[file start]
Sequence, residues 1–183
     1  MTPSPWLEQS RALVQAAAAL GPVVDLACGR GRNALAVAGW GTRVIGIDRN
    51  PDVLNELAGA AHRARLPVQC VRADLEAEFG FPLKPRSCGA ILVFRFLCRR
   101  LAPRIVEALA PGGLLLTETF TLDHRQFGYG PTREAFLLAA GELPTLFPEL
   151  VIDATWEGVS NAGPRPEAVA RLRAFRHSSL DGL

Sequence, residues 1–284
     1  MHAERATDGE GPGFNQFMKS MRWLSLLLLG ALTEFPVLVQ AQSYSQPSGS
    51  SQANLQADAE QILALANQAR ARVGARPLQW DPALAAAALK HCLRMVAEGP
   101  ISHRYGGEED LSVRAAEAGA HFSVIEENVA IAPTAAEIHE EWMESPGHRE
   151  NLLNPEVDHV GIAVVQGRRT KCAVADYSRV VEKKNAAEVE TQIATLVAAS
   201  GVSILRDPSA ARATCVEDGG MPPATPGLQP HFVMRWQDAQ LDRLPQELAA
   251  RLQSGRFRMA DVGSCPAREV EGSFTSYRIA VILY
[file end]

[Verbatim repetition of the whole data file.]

Sequence, residues 1–183
     1  MTPSPWLEQS RALVQAAAAL GPVVDLACGR GRNALAVAGW GTRVIGIDRN
    51  PDVLNELAGA AHRARLPVQC VRADLEAEFG FPLKPRSCGA ILVFRFLCRR
   101  LAPRIVEALA PGGLLLTETF TLDHRQFGYG PTREAFLLAA GELPTLFPEL
   151  VIDATWEGVS NAGPRPEAVA RLRAFRHSSL DGL

Sequence, residues 1–284
     1  MHAERATDGE GPGFNQFMKS MRWLSLLLLG ALTEFPVLVQ AQSYSQPSGS
    51  SQANLQADAE QILALANQAR ARVGARPLQW DPALAAAALK HCLRMVAEGP
   101  ISHRYGGEED LSVRAAEAGA HFSVIEENVA IAPTAAEIHE EWMESPGHRE
   151  NLLNPEVDHV GIAVVQGRRT KCAVADYSRV VEKKNAAEVE TQIATLVAAS
   201  GVSILRDPSA ARATCVEDGG MPPATPGLQP HFVMRWQDAQ LDRLPQELAA
   251  RLQSGRFRMA DVGSCPAREV EGSFTSYRIA VILY